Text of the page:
Does the withdraw of U.S. troops from Germany fulfill the “five principles” outlined by the SecDef in guidance provided to EUCOM following the June 2020 announcement? Will the moves be accomplished cheaply and quickly? Isn’t it cheaper and more effective to rely on rotational deployments?
Newsweek, June 10, 2020
Last week, the Trump administration announced its decision to withdraw about one-quarter of the U.S. troops based in Germany, ostensibly over Berlin's continued pursuit of a gas pipeline deal with Russia and what Washington views as still insufficient German defense spending. However, removing roughly 9,500 troops from Germany and capping U.S. forward-stationed presence in the country at 25,000 troops is short-sighted, likely to be ineffective and fiscally irresponsible.
Strategic Studies Institute, May 1, 2020
It’s reasonable to expect change following a global crisis, but the near breathlessness detectable in some of recent analyses evinces a lack of nuance or an appreciation for stasis. Moreover, few of these or other analyses have addressed the implications in a transatlantic context, or suggested specific mitigation steps. This brief essay reflects a more balanced attempt to fill these gaps, identifying recommendations for the U.S. Army and Department of Defense to leverage the crisis and mitigate the damage across the transatlantic community.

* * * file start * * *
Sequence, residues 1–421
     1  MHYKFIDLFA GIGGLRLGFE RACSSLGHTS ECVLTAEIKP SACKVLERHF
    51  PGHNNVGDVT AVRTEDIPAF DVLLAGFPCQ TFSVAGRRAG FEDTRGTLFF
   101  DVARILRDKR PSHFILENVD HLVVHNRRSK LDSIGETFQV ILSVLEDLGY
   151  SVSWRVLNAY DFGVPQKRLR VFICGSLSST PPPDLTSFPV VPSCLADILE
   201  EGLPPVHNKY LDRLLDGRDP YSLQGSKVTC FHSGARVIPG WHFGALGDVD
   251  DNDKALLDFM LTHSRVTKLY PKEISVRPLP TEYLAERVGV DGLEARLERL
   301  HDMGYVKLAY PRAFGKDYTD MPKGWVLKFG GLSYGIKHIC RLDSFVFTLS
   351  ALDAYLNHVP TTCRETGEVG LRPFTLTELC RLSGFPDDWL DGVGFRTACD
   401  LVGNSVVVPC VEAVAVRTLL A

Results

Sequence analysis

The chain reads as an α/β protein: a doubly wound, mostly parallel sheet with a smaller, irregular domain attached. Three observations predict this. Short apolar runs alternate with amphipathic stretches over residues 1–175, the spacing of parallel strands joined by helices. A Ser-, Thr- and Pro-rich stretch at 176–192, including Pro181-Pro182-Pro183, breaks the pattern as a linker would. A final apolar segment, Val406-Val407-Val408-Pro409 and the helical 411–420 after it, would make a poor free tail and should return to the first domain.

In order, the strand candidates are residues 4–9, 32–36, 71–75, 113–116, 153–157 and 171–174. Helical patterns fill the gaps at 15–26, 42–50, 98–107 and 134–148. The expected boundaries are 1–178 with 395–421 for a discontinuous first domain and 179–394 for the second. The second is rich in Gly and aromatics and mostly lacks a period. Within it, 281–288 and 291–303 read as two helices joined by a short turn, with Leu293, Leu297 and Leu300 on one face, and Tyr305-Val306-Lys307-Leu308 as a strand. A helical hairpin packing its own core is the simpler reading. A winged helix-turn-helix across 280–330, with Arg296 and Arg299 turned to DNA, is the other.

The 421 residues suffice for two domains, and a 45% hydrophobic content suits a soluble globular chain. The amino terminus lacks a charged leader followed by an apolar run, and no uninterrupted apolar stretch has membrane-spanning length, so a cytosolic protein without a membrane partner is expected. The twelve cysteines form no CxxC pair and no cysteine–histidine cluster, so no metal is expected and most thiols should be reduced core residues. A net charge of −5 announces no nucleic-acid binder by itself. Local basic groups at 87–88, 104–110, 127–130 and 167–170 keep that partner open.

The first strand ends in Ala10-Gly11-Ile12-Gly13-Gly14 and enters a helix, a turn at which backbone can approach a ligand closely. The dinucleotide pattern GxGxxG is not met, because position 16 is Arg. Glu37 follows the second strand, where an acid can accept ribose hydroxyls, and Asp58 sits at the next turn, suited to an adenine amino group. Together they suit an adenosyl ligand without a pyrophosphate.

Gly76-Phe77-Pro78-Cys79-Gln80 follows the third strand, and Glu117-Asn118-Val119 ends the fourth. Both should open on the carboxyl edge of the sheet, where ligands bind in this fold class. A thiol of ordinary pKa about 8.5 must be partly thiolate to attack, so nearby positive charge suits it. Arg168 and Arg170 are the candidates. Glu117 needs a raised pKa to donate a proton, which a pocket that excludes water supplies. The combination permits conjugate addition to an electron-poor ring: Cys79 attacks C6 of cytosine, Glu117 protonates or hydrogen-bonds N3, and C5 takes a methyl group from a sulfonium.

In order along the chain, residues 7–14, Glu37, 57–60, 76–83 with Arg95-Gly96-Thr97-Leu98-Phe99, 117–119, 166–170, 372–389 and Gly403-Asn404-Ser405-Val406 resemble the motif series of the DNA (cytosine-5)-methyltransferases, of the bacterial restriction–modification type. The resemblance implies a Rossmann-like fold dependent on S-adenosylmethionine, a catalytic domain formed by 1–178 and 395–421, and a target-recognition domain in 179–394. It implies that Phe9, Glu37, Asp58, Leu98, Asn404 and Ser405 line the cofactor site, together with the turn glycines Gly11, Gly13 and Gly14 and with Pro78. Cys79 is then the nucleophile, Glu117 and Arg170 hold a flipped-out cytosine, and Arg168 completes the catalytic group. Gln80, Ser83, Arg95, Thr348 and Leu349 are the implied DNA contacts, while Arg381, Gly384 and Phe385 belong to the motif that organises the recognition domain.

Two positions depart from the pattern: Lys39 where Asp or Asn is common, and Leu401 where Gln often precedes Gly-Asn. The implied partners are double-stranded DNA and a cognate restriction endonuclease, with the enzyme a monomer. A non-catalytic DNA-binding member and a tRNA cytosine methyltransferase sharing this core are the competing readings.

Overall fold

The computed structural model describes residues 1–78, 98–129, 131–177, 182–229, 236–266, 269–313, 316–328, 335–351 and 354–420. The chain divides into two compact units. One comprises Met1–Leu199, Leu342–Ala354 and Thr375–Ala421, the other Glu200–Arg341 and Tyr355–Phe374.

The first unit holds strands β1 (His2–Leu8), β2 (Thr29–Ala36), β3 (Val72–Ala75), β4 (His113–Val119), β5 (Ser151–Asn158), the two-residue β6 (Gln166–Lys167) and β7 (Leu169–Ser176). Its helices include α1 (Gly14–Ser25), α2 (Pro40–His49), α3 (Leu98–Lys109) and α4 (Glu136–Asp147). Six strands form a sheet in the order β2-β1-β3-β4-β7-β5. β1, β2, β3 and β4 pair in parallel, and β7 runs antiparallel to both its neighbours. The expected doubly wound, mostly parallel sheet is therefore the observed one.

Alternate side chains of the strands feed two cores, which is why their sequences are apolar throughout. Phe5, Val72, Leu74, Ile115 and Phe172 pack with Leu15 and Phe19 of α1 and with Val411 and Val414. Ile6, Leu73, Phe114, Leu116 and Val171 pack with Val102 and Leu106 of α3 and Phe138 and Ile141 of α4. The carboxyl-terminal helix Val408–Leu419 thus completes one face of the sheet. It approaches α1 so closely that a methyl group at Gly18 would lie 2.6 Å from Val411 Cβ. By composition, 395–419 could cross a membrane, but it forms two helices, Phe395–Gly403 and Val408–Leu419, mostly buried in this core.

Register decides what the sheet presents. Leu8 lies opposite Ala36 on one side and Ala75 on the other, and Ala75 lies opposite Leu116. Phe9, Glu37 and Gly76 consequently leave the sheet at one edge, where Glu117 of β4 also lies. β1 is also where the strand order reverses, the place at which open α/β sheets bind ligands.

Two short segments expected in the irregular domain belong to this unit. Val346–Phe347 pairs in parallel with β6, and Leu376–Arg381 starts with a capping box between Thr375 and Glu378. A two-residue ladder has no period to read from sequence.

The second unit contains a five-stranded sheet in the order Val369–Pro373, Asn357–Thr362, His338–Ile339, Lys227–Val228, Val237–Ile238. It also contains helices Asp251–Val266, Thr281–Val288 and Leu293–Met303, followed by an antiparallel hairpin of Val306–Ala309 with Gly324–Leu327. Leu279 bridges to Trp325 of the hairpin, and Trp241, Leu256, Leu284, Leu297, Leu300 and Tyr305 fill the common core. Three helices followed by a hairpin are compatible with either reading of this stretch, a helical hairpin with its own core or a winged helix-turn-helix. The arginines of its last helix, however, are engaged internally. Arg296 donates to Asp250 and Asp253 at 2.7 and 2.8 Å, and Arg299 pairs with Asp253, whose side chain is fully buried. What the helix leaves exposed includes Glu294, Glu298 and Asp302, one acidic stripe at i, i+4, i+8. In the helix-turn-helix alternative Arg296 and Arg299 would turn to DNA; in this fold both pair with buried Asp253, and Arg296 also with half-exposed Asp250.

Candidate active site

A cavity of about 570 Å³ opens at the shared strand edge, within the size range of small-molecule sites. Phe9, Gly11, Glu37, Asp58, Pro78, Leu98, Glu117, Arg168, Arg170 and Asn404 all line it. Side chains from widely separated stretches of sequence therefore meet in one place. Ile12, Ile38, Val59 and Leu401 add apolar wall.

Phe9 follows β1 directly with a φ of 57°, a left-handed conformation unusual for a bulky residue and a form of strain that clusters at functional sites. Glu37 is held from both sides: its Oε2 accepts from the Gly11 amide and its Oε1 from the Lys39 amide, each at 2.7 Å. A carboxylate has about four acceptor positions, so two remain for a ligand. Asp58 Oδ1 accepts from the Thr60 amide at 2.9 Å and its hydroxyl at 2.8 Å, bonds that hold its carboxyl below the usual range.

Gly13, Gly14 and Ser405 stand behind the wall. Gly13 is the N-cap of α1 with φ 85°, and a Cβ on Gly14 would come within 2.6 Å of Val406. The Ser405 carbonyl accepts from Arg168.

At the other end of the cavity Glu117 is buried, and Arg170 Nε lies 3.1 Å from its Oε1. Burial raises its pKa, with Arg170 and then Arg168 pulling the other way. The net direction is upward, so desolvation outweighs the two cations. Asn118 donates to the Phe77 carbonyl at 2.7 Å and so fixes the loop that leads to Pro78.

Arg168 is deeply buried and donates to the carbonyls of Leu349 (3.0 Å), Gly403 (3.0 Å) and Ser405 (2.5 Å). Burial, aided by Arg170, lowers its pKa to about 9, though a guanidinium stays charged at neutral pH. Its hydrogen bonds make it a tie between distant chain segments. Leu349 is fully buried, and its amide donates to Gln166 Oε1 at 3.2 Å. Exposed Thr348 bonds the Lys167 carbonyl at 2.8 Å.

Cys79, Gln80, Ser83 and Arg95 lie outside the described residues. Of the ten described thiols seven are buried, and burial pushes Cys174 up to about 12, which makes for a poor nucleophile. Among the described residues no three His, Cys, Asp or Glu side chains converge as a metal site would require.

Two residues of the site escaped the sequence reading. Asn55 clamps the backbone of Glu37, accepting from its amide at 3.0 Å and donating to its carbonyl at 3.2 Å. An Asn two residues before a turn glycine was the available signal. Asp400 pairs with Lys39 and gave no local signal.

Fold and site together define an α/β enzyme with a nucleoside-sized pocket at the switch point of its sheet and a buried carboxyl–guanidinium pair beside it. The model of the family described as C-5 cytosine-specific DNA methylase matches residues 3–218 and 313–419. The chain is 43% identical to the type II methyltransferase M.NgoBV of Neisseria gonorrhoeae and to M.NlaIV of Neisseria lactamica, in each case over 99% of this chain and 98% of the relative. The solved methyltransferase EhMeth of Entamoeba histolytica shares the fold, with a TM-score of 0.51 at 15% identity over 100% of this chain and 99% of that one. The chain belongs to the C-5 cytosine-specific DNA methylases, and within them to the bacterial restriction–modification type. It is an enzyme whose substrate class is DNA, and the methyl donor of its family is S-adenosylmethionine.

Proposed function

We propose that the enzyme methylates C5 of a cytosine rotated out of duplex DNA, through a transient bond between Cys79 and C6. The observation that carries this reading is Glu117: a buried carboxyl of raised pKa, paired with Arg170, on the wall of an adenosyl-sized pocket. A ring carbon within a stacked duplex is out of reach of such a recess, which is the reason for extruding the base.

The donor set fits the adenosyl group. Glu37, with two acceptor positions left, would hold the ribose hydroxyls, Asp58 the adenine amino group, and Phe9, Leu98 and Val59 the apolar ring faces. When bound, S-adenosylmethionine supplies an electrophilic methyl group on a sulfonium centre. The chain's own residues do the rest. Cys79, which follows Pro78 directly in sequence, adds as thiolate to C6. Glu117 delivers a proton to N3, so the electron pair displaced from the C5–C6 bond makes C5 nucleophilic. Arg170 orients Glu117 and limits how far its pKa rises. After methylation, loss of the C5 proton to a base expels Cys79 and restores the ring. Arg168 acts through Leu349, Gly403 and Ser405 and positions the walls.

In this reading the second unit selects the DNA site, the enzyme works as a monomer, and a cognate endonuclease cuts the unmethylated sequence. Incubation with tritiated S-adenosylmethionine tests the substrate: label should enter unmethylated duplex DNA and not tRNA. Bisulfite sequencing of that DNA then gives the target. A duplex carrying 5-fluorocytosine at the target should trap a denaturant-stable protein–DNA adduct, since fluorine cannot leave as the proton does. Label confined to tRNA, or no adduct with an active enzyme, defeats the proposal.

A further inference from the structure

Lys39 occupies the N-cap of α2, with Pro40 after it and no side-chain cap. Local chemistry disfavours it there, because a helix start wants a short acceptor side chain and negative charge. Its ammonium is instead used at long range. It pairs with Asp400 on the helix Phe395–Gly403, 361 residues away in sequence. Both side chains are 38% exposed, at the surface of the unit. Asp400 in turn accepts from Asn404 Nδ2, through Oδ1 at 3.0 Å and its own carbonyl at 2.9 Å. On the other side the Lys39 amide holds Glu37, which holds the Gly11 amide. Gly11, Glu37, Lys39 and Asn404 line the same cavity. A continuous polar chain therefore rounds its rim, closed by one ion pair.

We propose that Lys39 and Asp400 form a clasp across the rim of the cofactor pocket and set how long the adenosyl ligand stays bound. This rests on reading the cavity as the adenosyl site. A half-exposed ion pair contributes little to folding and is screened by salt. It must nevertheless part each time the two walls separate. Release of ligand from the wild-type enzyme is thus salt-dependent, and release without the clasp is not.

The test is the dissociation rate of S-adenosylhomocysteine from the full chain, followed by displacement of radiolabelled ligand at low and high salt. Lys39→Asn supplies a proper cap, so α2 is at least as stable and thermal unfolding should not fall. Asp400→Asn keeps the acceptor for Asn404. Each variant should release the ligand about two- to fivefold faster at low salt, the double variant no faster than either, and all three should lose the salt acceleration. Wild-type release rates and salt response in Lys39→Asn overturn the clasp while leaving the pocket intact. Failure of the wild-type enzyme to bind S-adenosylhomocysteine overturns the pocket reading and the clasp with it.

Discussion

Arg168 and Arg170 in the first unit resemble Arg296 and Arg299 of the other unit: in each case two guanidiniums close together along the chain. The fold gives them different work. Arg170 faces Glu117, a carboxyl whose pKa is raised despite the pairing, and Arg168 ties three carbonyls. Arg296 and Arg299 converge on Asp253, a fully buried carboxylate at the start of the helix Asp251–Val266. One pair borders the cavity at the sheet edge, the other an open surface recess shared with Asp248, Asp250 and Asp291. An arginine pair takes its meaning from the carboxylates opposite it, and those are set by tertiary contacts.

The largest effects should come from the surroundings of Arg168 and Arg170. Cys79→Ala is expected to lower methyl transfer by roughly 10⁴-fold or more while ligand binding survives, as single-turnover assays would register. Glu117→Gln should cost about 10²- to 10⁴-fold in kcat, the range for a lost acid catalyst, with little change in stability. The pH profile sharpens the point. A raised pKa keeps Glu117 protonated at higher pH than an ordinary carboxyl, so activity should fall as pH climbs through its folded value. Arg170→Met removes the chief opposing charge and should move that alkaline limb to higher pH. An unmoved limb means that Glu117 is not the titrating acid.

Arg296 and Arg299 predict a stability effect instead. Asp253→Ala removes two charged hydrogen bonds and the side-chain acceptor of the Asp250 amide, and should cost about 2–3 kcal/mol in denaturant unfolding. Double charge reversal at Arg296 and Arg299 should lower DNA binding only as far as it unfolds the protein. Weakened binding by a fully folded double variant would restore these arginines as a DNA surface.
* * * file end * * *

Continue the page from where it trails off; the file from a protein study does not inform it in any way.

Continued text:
The Hill, April 30, 2020
Like several authoritarians elsewhere, the leader of ostensibly democratic Hungary — Prime Minister Viktor Orban — is taking advantage of the COVID-19 crisis to consolidate power at the expense of democratic values. Some have argued that the time is right to kick Hungary out of key international organizations such as NATO. But for several reasons, the transatlantic alliance isn’t the right vehicle for punishing Budapest. Instead, Washington and other like-minded allies ought to turn up the heat bilaterally.